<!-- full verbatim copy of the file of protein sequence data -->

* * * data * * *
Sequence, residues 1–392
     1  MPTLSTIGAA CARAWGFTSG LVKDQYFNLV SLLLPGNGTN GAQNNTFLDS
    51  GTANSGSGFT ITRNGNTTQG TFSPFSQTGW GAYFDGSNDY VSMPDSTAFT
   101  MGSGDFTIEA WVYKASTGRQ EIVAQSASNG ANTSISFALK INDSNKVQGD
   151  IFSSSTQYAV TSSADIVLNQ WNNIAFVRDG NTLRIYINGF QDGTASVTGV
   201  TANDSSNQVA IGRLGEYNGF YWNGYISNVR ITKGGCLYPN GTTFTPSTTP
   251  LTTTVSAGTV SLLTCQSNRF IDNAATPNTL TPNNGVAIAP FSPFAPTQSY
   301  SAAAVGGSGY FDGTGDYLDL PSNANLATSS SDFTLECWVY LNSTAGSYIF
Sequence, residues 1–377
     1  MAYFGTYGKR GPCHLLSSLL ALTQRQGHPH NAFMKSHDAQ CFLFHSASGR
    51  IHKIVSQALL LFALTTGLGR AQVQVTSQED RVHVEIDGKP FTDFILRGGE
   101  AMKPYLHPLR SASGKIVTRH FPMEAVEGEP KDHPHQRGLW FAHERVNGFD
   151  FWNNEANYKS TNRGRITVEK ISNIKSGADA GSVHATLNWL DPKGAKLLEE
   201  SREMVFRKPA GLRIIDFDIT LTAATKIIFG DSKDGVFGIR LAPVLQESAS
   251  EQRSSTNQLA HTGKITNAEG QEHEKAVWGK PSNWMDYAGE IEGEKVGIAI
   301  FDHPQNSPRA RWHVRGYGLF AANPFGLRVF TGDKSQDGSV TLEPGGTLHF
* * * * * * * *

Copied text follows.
Sequence, residues 1–392
     1  MPTLSTIGAA CARAWGFTSG LVKDQYFNLV SLLLPGNGTN GAQNNTFLDS
    51  GTANSGSGFT ITRNGNTTQG TFSPFSQTGW GAYFDGSNDY VSMPDSTAFT
   101  MGSGDFTIEA WVYKASTGRQ EIVAQSASNG ANTSISFALK INDSNKVQGD
   151  IFSSSTQYAV TSSADIVLNQ WNNIAFVRDG NTLRIYINGF QDGTASVTGV
   201  TANDSSNQVA IGRLGEYNGF YWNGYISNVR ITKGGCLYPN GTTFTPSTTP
   251  LTTTVSAGTV SLLTCQSNRF IDNAATPNTL TPNNGVAIAP FSPFAPTQSY
   301  SAAAVGGSGY FDGTGDYLDL PSNANLATSS SDFTLECWVY LNSTAGSYIF
Sequence, residues 1–377
     1  MAYFGTYGKR GPCHLLSSLL ALTQRQGHPH NAFMKSHDAQ CFLFHSASGR
    51  IHKIVSQALL LFALTTGLGR AQVQVTSQED RVHVEIDGKP FTDFILRGGE
   101  AMKPYLHPLR SASGKIVTRH FPMEAVEGEP KDHPHQRGLW FAHERVNGFD
   151  FWNNEANYKS TNRGRITVEK ISNIKSGADA GSVHATLNWL DPKGAKLLEE
   201  SREMVFRKPA GLRIIDFDIT LTAATKIIFG DSKDGVFGIR LAPVLQESAS
   251  EQRSSTNQLA HTGKITNAEG QEHEKAVWGK PSNWMDYAGE IEGEKVGIAI
   301  FDHPQNSPRA RWHVRGYGLF AANPFGLRVF TGDKSQDGSV TLEPGGTLHF